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BofA/Countrywide Deal Makes Sense, Despite The Cynics

Friday, 11 Jan 2008 | 9:16 AM ET

The Bank of America-Countrywide dealis less than two hours old, and already the cynics are out. It's a government approved bailout, cynics say. It's a government conspiracy to keep the market up, cynics say. Things look like they are worse than appears at Countrywide and BofA gets a deal in the long term, they say.

Regardless, the facts speak for themselves:

1) B of A has bought the largest mortgage lender in the country at a severely distressed price, in a business they have wanted to be in for a long time. They have confidence to commit to the business.

2) There are buyers for distressed assets and Countrywide will not be going bankrupt, which was a very real possibility and would have been a nightmare;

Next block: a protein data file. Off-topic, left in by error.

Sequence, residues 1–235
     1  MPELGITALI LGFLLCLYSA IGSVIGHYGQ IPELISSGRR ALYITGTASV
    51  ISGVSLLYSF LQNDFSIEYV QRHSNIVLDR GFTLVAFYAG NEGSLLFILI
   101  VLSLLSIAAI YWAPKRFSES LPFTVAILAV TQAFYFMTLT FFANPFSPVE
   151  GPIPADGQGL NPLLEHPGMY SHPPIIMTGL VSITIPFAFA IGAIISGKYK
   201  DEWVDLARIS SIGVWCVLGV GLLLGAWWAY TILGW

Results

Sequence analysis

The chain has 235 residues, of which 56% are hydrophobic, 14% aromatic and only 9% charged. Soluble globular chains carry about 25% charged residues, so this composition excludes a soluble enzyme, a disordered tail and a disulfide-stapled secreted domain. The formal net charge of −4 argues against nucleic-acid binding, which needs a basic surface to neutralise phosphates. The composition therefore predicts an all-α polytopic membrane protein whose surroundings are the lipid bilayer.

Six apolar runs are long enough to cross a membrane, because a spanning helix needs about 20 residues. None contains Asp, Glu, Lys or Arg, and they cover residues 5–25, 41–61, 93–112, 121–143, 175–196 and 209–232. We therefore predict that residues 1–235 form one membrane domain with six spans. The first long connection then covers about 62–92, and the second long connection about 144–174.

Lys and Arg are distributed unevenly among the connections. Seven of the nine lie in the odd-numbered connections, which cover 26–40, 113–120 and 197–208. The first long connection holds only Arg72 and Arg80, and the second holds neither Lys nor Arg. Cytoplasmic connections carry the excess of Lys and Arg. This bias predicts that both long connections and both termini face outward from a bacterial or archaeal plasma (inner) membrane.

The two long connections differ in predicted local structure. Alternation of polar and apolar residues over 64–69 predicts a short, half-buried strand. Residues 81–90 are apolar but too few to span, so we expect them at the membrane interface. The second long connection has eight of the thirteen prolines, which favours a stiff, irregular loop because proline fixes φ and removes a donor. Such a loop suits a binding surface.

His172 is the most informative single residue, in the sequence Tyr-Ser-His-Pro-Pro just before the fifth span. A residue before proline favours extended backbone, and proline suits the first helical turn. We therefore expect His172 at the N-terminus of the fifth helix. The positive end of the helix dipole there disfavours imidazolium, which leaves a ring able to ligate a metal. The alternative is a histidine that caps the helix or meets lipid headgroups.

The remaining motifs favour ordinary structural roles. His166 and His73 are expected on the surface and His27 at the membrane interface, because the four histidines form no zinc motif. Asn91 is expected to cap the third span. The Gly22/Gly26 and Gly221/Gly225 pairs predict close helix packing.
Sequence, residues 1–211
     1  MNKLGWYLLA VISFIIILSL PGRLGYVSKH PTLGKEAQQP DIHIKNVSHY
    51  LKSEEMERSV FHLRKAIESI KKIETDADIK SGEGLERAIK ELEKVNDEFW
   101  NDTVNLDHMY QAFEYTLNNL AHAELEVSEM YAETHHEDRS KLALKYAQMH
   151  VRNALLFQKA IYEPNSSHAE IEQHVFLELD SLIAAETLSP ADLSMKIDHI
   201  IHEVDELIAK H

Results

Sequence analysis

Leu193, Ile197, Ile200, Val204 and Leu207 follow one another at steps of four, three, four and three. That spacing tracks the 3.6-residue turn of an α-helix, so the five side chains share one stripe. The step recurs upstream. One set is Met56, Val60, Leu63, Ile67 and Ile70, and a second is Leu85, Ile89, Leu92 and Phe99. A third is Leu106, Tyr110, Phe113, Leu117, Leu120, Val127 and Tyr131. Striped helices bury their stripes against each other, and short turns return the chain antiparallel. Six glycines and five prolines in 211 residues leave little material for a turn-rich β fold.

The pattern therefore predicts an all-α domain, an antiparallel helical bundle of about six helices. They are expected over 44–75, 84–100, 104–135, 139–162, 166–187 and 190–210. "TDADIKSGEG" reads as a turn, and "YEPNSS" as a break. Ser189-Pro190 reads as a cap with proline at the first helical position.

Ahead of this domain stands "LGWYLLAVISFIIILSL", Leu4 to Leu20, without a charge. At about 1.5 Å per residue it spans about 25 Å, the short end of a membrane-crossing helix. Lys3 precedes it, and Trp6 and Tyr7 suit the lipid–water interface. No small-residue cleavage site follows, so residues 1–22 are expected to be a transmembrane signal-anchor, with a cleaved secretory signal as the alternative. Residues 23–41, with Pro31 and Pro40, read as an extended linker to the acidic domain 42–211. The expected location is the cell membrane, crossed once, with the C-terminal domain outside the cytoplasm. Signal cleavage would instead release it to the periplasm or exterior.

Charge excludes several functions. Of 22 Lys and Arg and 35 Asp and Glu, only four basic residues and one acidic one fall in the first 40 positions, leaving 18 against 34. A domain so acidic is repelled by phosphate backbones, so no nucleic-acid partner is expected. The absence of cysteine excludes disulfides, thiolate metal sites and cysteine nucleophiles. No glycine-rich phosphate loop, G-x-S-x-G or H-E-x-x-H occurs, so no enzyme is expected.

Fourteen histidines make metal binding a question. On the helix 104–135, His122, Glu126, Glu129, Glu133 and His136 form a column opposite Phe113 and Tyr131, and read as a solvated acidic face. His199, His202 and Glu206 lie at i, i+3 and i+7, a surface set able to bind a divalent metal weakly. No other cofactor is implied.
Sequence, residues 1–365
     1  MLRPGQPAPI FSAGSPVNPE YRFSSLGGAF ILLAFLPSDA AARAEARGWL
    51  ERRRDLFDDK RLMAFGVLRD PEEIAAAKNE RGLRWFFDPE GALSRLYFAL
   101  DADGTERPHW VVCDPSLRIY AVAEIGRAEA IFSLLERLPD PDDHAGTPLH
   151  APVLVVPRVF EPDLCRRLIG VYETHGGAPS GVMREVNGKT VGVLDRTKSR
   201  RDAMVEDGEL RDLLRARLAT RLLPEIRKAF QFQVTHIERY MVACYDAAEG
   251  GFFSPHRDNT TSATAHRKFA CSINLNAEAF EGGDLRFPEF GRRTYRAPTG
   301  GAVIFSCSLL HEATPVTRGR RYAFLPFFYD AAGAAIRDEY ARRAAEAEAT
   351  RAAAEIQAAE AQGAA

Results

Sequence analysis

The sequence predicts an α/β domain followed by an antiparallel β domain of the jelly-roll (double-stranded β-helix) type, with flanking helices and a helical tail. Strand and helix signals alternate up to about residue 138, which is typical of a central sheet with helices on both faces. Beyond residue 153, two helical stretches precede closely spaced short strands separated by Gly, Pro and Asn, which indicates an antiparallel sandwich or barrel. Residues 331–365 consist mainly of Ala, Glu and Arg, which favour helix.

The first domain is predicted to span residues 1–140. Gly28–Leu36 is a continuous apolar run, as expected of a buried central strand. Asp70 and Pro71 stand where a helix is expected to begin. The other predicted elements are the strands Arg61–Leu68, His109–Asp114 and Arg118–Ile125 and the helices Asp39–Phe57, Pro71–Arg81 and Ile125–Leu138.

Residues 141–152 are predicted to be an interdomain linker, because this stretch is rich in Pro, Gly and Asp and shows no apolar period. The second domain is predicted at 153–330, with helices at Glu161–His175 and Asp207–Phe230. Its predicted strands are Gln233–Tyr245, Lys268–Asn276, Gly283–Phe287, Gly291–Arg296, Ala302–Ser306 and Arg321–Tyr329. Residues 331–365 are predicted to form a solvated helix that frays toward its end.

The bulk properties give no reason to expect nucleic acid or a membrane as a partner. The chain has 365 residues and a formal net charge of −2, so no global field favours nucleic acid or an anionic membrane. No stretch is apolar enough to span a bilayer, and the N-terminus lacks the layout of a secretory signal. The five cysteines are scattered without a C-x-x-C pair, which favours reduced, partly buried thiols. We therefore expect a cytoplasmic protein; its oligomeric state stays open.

3) The deal makes business sense. Bank of America stood more to gain by buying them out than letting them go bankruptcy. They invested $2 billion in the company, and had perhaps $4 or $5 billion in warehouse lines of credit to Countrywide. This way they get the bank branches, and the mortgage service portfolio. They are the largest mortgage servicer in the country, with 9 million mortgages (B of A is the sixth largest).

With that said:

1) We don't know what the assets are worth;

2) It's too early to say it's a sign of a market bottom in housing.

3) Until the fundamentals improve, the majority still feel it will be difficult to keep a sustained rally in financials.



Questions? Comments? tradertalk@cnbc.com

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  • A CNBC reporter since 1990, Bob Pisani covers Wall Street from the floor of the New York Stock Exchange.

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